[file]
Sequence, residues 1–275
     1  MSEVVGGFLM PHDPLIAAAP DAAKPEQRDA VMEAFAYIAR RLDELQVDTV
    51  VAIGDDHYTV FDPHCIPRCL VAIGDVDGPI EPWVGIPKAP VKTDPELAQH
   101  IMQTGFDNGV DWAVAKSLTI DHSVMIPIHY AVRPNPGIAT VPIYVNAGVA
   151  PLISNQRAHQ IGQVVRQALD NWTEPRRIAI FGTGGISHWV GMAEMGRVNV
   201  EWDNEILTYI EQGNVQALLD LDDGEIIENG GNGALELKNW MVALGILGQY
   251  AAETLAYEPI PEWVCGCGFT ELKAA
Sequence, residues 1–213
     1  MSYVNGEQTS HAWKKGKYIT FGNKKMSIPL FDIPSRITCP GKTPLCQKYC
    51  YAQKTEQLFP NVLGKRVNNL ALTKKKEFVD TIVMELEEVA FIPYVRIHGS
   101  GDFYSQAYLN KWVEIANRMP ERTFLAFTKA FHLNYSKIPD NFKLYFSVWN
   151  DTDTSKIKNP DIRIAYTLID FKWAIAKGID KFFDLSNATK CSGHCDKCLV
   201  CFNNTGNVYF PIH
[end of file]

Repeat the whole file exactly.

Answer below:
Sequence, residues 1–275
     1  MSEVVGGFLM PHDPLIAAAP DAAKPEQRDA VMEAFAYIAR RLDELQVDTV
    51  VAIGDDHYTV FDPHCIPRCL VAIGDVDGPI EPWVGIPKAP VKTDPELAQH
   101  IMQTGFDNGV DWAVAKSLTI DHSVMIPIHY AVRPNPGIAT VPIYVNAGVA
   151  PLISNQRAHQ IGQVVRQALD NWTEPRRIAI FGTGGISHWV GMAEMGRVNV
   201  EWDNEILTYI EQGNVQALLD LDDGEIIENG GNGALELKNW MVALGILGQY
   251  AAETLAYEPI PEWVCGCGFT ELKAA
Sequence, residues 1–213
     1  MSYVNGEQTS HAWKKGKYIT FGNKKMSIPL FDIPSRITCP GKTPLCQKYC
    51  YAQKTEQLFP NVLGKRVNNL ALTKKKEFVD TIVMELEEVA FIPYVRIHGS
   101  GDFYSQAYLN KWVEIANRMP ERTFLAFTKA FHLNYSKIPD NFKLYFSVWN
   151  DTDTSKIKNP DIRIAYTLID FKWAIAKGID KFFDLSNATK CSGHCDKCLV
   201  CFNNTGNVYF PIH